M. Salim and E. A. Heinrichs,
Entomology Department, IRRI
In rice ecosystems, predators help keep WBPH
(Horvath) populations below economic thresholds. Major predators include wolf spider
Boes et Str.
(Lycosidae: Araneae) [Lycosa has since been changed to
], mirid bug
Reuter (Hemiptera: Miridae), ladybird beetle
(F.) (Coleoptera: Coccinellidae), and rove beetle
Curt. (Coleoptera: Staphylinidae).
Because predators feed on more than one insect species, we studied the extent to which the four adult predators feed on their own species. Each test lasted 5 d. Mortality of predators and prey was recorded daily, and dead insects were replaced after each observation. When 10
were caged together, they were cannibalistic and had 24% mortality. When 10
lividipennis, S. octomaculata,
were caged with 1
the spider killed 60% of the
Except for the spider, no predator was cannibalistic. When 1 spider was caged with 10
and 10 WBPH,
had 41% mortality and WBPH only 27%.
We also studied the feeding activity of the predators on WBPH.
ate the most (5.9)
WBPH per day (see table). Feeding rate of the other predators ranged from 1.4 to 2.4 WBPH per day.
These laboratory studies were under conditions that may differ from those in the field, and only adult stages were tested. In the field, it is likely that intraspecific and interspecific predation also occurs at immature stages.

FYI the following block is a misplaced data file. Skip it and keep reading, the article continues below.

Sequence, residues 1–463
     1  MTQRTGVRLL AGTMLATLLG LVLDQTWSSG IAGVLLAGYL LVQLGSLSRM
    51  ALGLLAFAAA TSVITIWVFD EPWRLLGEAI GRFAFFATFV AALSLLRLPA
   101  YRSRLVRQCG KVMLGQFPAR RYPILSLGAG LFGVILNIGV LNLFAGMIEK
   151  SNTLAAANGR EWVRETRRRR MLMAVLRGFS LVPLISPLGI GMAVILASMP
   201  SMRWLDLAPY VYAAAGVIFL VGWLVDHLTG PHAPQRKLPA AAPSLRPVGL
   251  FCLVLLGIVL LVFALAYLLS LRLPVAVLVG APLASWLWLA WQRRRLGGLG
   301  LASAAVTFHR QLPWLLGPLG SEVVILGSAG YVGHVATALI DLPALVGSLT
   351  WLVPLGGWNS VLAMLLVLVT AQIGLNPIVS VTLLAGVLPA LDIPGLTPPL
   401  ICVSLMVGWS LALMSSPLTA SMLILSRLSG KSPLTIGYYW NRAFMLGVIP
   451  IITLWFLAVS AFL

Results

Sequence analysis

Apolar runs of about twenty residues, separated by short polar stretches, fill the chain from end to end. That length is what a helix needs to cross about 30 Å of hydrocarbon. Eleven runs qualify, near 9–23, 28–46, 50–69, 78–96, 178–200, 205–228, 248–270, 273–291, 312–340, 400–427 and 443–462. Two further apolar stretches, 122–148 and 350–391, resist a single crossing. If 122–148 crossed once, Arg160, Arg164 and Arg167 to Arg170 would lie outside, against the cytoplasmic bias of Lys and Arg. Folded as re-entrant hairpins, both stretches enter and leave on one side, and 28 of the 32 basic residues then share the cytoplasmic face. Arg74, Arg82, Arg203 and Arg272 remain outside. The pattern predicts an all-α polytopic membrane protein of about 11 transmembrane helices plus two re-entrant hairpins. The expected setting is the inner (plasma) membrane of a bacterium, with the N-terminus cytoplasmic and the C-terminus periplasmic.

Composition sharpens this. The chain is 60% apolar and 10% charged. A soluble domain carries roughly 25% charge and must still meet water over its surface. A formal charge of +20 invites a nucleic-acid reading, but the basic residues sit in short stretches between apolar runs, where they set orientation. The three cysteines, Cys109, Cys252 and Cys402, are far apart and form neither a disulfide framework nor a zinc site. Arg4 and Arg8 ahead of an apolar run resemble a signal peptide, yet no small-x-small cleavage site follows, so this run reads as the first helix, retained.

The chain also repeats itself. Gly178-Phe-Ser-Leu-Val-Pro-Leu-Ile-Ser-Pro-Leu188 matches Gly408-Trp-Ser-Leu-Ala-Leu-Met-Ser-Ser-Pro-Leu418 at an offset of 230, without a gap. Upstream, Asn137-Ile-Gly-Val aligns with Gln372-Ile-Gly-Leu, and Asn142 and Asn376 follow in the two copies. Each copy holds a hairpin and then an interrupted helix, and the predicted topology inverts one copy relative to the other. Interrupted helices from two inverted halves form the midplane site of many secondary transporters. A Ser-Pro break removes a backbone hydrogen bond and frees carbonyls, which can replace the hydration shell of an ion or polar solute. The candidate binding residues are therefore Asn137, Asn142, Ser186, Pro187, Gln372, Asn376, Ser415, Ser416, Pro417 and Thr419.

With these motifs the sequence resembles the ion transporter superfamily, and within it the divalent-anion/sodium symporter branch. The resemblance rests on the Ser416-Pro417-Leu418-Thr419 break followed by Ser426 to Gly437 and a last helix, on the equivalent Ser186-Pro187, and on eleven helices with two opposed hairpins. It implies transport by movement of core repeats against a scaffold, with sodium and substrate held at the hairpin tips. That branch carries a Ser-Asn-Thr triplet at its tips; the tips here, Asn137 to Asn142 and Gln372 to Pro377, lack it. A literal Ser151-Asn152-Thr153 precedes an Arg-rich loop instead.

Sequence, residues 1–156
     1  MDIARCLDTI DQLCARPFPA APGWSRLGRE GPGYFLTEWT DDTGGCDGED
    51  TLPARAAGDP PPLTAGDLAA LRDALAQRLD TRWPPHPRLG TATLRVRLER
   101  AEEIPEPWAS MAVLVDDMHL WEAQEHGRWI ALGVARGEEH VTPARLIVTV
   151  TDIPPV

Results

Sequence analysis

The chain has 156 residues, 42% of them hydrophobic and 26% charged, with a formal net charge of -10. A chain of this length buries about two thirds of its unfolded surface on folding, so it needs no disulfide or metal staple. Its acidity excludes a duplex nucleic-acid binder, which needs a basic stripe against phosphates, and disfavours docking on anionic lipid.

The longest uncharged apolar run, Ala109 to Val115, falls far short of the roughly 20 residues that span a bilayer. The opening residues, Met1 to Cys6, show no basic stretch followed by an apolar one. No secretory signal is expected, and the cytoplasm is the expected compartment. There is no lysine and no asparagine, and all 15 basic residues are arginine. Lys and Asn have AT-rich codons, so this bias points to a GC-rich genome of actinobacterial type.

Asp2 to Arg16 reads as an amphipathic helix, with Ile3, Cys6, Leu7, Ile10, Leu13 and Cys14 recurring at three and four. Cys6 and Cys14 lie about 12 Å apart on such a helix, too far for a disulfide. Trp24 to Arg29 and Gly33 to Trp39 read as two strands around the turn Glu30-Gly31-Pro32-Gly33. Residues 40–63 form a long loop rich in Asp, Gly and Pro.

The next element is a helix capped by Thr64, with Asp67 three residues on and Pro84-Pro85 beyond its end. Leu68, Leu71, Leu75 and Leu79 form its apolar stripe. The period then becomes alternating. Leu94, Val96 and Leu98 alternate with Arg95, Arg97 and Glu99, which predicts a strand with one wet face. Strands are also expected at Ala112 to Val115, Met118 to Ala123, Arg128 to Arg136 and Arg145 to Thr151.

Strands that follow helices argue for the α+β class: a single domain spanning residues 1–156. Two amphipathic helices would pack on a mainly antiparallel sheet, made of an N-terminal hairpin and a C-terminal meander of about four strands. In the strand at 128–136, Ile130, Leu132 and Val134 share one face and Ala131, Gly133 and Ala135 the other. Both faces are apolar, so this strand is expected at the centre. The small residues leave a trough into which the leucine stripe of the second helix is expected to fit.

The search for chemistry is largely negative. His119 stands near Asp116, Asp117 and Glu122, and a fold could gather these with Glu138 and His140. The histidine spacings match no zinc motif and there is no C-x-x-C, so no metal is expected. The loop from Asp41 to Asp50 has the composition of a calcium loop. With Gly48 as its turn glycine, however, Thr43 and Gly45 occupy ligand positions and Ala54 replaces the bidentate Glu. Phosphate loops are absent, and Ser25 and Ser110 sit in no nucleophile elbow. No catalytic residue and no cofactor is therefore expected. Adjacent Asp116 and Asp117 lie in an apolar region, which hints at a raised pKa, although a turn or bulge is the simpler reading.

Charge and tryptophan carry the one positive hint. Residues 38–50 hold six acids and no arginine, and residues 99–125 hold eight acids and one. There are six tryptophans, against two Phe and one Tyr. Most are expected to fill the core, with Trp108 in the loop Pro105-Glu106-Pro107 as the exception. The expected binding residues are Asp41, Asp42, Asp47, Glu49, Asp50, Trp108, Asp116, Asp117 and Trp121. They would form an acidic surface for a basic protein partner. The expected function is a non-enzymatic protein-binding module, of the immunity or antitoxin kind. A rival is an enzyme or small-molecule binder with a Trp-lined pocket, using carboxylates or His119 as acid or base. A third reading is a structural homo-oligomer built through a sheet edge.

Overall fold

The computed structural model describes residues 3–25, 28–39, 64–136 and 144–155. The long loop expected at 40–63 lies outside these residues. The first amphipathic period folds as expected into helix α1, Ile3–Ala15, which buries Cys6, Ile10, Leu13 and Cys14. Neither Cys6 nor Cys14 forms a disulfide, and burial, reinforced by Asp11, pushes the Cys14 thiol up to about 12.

Feeding rate per day of adult predator on fourth instar WBPH
IRRI, 1985. a/
Check – 0.2 e a
/ In a column, means followed by a common letter are not significantly different at 5% level by DMRT.
Average of 5 observations recorded daily and 4 replications.
Sixteen WBPH nymphs were in each cage offered as prey.
Dead predators recovered with a mouth aspirator and prey were
replaced daily after each observation.
Salim, M. and E.A. Heinrichs. 1986. Intraspecific and interspecific feeding of whitebacked planthopper (WBPH) predators. Int. Rice Res. Newsl. 11(2):24-